Pinhook Rye Whiskey Lot 001 Review
Lately and increasingly, my whiskey buying experiences look like this:
Walk into store; stand in bourbon aisle with arms crossed; take about 20 iPhone photos of bottles I don't recognize until the manager starts giving me weird looks; select bottle; pay too much; get home; drink; be disappointed.
About 10% of the time, however, the sequence works in my favor. Every now and then, I pay a fair price for a bottle that surprises me with its sophistication, maturity, and yummyness. Pinhook Rye Lot 001, confusingly named "Bourbon N Rye" after a horse, was my find of the month. ("Bourbon N Rye" is not a bourbon and rye blend like Wild Turkey Forgiven or High West Bourye)...it's just rye.
A few important notes: 1) I found Pinhook Rye for $33 at Beach Liquors in Destin, FL. I saw it in DC for $45 and New York City for $58 and passed. Part of my positivity flows from the low price.
2) Pinhook Rye is 2-year-old MGP rye whiskey (the same 95% rye, 5% malted barley recipe that I wrote about here). The producers, who blended it at the Castle & Key distillery, are completely transparent about that fact, but a new whiskey drinker may not realize it while standing in the bourbon / rye aisle with his arms crossed. There are plenty of other young MGP ryes available in the $30-$40 range.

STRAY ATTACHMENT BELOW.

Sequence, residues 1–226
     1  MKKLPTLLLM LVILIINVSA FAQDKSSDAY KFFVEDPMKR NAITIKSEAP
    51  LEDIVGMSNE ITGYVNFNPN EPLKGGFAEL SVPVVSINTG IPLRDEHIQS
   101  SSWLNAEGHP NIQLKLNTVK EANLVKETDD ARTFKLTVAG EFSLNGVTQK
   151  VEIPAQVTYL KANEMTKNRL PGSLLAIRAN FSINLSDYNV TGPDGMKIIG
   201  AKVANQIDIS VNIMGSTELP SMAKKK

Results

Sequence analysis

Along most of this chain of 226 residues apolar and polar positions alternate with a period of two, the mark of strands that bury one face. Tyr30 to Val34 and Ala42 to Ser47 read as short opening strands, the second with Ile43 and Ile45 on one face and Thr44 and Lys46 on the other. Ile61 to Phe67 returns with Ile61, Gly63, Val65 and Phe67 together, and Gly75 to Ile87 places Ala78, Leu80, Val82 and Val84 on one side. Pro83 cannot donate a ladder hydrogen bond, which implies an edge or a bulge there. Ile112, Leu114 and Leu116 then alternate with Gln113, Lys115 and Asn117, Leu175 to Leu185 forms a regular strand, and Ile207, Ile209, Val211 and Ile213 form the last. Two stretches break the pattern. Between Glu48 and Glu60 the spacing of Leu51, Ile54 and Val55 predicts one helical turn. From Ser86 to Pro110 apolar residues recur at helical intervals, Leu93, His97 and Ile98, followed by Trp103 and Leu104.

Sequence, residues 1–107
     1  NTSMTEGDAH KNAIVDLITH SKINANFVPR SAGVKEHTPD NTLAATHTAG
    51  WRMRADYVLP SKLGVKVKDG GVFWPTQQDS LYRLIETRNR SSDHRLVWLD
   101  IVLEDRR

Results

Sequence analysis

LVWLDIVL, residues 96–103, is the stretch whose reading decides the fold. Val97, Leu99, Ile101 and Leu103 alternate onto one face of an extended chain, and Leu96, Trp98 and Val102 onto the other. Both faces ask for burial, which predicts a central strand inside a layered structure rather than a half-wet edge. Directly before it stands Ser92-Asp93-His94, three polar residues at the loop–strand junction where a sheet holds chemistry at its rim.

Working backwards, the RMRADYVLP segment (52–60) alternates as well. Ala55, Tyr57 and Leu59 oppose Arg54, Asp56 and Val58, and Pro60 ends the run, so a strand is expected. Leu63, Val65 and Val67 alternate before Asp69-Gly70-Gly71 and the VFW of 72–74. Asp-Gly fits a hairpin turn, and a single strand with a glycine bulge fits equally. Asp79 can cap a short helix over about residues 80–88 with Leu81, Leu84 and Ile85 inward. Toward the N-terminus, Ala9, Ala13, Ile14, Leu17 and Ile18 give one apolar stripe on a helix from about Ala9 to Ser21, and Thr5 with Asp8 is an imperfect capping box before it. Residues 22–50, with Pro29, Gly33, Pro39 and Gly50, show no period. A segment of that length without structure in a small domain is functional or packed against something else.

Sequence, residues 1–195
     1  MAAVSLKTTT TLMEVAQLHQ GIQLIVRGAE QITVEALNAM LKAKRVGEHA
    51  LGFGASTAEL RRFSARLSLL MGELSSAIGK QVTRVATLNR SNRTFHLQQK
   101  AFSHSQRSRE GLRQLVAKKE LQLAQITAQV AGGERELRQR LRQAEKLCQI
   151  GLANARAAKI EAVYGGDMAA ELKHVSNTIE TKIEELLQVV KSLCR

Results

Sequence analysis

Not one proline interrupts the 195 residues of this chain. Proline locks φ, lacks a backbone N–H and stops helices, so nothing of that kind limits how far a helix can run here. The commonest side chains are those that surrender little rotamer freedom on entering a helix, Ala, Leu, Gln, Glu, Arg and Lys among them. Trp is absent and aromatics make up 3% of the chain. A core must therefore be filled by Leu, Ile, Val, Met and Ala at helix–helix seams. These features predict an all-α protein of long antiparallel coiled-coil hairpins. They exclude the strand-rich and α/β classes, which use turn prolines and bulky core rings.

3) Finally, "pinhook" is the term used to describe the act of buying a yearling horse for a low price, breaking/training the horse, and re-selling it for a profit. What a great, ironic name for a whiskey in this era of whiskey flipping.
Here are some quick tasting notes for the 93.5 proof Pinhook Rye Lot 001, a.k.a "Bourbon N Rye!" Cheers!
Color: Light, translucent honey.
Nose: Lemonheads! Sugary lemon gives way to toasted oak and subtle cereal grain. Gentle, but nice.
Tasting Notes: The flavors follow the aromas. I get a heap of the bright, citrusy note prevalent on the nose, a spoonful of sweet cream, a touch of dry tobacco leaf, and a pinch of barrel char.
Overall: A-. A very solid, young rye. I'll compare it to Willet's 2-year-old rye, but I think it's even better.